Cour Royale de Tiébélé
From the base of a small hill overlooking the flat, sun-baked earth of the West African savannah, the Cour Royale de Tiébélé lies within circular, walled confines measuring roughly 1.2 hectares. The complex serves as the official residence of the pè, or community chief. Resplendent designs in black and white embellish the earthen architecture of Tiébélé and reflect the building traditions of the Kassena people, one of the oldest ethnic groups in Burkina Faso, who first settled the region in the fifteenth century. Despite the absence of a new leader following the death of the last pè in 2006, regular maintenance of the site by the community has helped preserve this exceptional example of Kassena culture and the traditional skills associated with its preservation. For a site still very much woven into the fabric of community life, Tiébélé faces challenges to sustain the integrity of its structures, including flooding and resulting erosion as well as planning for tourism management. There is interest in developing the site as a cultural tourism destination to generate economic resources for conservation. Encouraging visitors while protecting local culture and tradition requires a delicate balance and integrated management. Inclusion on the 2012 Watch will promote awareness about Tiébélé to build support for a long-term stewardship plan.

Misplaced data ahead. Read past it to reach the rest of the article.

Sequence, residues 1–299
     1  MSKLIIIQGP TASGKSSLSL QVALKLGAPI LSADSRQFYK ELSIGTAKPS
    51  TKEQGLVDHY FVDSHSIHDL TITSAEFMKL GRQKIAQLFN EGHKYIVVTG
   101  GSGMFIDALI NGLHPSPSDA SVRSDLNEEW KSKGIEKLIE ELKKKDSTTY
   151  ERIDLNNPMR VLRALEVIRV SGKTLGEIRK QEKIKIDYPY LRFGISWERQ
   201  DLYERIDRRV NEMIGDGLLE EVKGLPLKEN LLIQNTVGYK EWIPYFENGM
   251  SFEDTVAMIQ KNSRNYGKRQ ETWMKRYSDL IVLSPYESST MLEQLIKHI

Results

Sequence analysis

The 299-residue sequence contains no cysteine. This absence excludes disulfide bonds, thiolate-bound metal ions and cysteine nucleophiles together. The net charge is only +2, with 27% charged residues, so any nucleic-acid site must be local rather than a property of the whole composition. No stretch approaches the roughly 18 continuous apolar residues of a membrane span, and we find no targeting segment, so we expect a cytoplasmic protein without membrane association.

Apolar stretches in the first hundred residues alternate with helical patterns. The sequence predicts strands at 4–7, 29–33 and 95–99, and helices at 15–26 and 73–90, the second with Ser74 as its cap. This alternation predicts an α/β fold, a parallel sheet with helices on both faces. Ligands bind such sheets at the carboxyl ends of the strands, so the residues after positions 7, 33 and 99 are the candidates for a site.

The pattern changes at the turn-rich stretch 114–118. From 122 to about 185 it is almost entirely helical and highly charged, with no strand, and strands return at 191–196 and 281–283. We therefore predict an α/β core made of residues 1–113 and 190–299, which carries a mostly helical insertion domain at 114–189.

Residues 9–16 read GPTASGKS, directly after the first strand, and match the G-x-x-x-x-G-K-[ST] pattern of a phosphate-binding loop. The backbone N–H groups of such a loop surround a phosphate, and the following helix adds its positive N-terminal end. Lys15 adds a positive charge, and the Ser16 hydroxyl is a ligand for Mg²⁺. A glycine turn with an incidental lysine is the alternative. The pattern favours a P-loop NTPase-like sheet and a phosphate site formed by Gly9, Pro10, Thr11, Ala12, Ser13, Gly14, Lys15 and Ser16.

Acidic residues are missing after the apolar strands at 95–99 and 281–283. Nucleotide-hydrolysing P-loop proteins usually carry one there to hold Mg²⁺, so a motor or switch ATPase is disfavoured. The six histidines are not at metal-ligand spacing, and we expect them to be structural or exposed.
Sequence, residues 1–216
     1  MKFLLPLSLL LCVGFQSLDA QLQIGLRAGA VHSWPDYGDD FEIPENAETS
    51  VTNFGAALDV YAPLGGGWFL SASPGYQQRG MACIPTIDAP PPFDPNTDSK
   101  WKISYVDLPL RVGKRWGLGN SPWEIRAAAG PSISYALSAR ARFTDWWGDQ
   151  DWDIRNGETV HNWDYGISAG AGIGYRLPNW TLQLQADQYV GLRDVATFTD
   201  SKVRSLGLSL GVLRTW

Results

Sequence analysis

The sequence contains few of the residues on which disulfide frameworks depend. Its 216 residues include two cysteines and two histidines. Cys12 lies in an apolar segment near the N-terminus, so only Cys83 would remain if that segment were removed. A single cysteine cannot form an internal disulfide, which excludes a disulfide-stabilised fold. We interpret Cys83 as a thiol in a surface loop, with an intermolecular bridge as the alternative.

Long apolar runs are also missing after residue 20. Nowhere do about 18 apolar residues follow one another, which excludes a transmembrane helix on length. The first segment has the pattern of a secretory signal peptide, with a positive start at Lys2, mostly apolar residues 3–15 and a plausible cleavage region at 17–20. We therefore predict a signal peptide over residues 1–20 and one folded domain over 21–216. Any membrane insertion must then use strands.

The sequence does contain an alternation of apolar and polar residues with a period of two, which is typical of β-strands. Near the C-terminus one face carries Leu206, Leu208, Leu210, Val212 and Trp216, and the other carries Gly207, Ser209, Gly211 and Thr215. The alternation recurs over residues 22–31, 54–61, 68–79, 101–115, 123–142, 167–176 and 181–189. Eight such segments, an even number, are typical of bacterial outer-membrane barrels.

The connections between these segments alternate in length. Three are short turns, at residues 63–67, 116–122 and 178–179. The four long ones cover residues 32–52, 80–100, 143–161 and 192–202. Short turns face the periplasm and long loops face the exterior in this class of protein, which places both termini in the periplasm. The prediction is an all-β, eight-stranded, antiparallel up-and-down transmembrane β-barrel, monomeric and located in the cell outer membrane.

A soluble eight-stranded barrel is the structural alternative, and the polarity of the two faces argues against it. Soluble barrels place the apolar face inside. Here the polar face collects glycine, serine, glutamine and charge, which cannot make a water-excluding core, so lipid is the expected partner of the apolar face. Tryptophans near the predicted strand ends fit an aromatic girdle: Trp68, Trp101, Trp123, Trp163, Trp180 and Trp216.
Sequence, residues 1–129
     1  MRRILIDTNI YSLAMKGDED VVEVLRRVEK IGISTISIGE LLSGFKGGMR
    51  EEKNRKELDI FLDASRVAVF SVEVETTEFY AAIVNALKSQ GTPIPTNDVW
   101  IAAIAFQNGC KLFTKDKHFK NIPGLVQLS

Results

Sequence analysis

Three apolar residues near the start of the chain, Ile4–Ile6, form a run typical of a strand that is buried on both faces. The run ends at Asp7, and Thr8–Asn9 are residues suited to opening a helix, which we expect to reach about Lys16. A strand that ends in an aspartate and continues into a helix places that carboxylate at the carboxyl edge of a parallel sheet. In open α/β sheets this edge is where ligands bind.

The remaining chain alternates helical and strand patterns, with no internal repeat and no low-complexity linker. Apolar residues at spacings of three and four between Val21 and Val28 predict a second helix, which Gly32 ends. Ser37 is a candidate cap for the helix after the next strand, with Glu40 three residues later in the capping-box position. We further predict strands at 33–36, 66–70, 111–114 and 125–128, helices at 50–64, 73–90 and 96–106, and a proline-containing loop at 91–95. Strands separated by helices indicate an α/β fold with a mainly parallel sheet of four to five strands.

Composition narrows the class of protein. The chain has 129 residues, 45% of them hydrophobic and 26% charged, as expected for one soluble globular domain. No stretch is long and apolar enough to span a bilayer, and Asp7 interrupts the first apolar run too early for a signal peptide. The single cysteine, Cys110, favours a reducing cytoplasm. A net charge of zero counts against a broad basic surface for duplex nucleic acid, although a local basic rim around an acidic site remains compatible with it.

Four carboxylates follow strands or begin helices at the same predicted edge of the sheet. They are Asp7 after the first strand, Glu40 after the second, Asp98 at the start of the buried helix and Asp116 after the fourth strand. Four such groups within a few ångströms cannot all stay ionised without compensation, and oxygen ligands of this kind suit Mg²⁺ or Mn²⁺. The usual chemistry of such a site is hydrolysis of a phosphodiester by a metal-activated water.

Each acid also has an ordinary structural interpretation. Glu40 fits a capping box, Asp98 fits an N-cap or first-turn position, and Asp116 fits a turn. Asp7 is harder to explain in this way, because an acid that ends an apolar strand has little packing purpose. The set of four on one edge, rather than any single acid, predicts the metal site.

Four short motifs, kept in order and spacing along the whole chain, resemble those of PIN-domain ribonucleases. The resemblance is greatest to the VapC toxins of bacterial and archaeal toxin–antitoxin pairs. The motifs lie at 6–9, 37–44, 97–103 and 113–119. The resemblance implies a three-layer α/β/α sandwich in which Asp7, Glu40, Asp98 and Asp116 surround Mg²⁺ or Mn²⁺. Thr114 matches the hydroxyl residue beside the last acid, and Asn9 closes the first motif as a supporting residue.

Since the Watch
Following the 2012 Watch, local advocates were successful in raising funds for conservation at the Cour Royale de Tiébélé. To re-engage the community in the care and maintenance of the site’s traditional structures, the Ministry of Culture and Tourism of Burkina Faso organized a Watch Day during which local women trained a younger generation in the traditional Kassena designs by restoring the decorated surfaces of one of the compound’s buildings. At the end of the two-year Watch cycle, World Monuments Fund awarded a Certificate of Exceptional Accomplishment to the site in recognition of outstanding efforts toward positive change. The certificate is accompanied with a $2,500 award. Last update: March 2014
Watch Day 2012
At the Cour Royale de Tiébélé, the community organized a ceremony to commemorate Watch Day and held a contest to design and create traditional Kassena murals on the earthen structures.